The exception to that rule is larger welds that offer the luxury of prioritizing speed over all else. However, the more precision required for the weld, the greater the risk that heat generated by the micro-TIG process will deform the surrounding material, he says. Even with the smaller of the two older units, which has a power supply rated at 1 amp, operators might find themselves “chasing” the resulting gap by welding out into fresh workpiece material at a lower temperature. This takes time. Then, after the weld, removing excess material often requires downstream hand-grinding, possibly at the expense of more value-added activities. In some cases, finishing the job even requires tying up a milling machine.
The company’s 100-Watt LWI IV Flexx limits these risks because comparatively little heat radiates beyond the point of the weld, Martin says. Moreover, precise control of 0.5- to 20-ms pulses ranging to 20 Hz enables placing beads exactly where the job requires. As a result, operators rarely have to perform any more than a cursory grind, assuming any rework is called for in the first place. This is particularly advantageous for engineering changes like those described above, given the need for fast turnaround. “You can pull something out that’s literally just been welded, and it’ll be cool to the touch,” Martin says. “We could probably weld a bead on the edge of a worn razor blade, grind it off and leave a perfectly sharp edge like nothing had ever happened.”
Although gains can be difficult to quantify when few jobs are the same, one particular variety of work recurs often enough at Summit to draw a comparison between the two processes. Consumer product applications often involve using inserts to mold the hinged portions of flip-top cap closures. These hinge inserts tend to require relatively frequent repair because they’re located at a critical shutoff point. With the shop’s micro-TIG welders, such a job might take between 5 and 7 hours. In contrast, the laser welder can complete the work in only 2 or 3 hours, Martin says. In either case, the customer saves hundreds of dollars compared to the cost of a new insert.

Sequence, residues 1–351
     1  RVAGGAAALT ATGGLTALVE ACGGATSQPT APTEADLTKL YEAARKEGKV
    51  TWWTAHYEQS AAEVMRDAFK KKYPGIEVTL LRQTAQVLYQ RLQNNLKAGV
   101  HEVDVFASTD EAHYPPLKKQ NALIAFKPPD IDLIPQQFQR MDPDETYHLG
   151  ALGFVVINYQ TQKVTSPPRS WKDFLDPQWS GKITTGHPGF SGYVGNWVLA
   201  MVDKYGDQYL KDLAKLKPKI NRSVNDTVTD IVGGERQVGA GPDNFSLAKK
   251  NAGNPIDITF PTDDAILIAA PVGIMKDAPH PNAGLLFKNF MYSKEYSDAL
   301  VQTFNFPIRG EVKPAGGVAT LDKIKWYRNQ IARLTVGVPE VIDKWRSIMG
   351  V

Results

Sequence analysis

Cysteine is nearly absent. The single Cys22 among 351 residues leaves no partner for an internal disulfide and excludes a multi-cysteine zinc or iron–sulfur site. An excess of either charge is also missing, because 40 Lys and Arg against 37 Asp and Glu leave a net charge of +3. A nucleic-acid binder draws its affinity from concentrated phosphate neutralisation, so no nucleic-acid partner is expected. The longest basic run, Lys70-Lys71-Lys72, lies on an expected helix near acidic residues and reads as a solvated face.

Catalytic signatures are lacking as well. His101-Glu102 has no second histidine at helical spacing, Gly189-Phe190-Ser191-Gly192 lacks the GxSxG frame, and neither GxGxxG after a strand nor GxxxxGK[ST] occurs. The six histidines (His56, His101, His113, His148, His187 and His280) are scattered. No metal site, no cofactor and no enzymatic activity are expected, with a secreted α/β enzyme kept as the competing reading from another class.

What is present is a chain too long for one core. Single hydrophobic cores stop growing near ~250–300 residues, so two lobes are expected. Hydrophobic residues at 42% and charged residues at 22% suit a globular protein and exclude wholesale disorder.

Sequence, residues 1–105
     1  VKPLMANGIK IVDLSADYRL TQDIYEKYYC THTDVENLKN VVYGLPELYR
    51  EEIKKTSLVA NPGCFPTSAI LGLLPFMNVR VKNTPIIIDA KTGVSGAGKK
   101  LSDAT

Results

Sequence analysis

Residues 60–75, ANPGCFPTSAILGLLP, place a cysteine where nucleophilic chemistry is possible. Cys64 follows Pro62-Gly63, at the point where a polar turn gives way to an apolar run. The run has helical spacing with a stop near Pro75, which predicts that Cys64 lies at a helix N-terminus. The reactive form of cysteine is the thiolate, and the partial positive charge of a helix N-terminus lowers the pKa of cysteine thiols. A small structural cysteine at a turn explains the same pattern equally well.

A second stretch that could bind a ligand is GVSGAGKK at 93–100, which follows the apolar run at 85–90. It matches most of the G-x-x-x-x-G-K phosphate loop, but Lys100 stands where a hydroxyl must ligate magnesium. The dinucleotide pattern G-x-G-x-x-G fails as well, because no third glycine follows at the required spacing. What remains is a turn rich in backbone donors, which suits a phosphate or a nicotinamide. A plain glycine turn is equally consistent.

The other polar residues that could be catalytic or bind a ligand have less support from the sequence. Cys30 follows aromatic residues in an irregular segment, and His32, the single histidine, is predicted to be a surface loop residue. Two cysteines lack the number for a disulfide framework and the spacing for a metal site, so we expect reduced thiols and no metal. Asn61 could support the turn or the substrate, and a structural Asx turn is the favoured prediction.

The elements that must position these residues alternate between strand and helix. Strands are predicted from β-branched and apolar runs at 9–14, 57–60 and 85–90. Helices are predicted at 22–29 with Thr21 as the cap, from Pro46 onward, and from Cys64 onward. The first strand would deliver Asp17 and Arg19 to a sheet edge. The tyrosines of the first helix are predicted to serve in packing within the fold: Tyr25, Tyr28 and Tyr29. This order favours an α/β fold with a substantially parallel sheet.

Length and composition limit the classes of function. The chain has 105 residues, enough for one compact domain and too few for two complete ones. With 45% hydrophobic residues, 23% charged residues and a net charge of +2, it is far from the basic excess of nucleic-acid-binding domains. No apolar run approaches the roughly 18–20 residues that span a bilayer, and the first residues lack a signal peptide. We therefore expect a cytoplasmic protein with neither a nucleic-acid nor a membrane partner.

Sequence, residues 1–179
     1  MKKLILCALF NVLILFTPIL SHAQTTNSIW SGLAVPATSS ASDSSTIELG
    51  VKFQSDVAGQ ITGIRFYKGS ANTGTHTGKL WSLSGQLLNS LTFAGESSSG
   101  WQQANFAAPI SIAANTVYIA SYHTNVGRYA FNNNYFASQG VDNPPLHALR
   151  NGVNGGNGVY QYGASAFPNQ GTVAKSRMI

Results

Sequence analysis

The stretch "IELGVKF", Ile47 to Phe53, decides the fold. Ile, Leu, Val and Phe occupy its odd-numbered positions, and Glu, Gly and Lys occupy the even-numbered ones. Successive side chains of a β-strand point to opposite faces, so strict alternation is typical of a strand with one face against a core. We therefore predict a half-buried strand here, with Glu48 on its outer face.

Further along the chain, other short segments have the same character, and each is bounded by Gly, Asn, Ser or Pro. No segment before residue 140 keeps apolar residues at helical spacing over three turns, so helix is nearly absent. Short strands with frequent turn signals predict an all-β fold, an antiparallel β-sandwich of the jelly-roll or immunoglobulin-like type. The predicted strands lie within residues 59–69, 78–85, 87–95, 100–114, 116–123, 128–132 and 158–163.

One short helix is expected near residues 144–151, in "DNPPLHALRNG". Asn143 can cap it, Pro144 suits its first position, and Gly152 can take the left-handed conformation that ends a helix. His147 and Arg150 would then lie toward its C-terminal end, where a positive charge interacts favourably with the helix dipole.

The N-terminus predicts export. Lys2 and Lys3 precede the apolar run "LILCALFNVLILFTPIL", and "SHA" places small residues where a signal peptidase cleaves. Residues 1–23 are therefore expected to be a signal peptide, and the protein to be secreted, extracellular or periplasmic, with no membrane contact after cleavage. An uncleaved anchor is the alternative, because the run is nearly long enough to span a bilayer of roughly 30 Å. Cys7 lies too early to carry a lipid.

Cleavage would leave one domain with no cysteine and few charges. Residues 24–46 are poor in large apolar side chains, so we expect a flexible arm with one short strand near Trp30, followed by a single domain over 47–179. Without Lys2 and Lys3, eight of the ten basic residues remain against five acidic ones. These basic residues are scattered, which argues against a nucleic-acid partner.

A Natural Fit
Although integrating any new technology involves a learning curve, the one associated with laser welding was relatively easy to negotiate, Martin says. “The training on it is fairly simplistic,” he says. In fact, he says neophyte trainees often had an easier time learning the system than seasoned welders, who had become accustomed to moving the torch and rod around the part. In contrast, laser welding requires moving the part around the torch, a task made easier by programmable, rotating fixtures and other workholding accessories.
All in all, laser welding was a natural fit for Summit Tooling, Martin says. The system not only significantly improved turnaround time on repair work and engineering changes alike, but began doing so almost immediately upon installation. In fact, realizing a complete return on the investment took less than a year. “We’ve seen major reductions in welding time and rework,” he says. “We’re turning work around faster than ever before, and that’s not just because of robotics and other major changes. Adding this single machine has been huge.”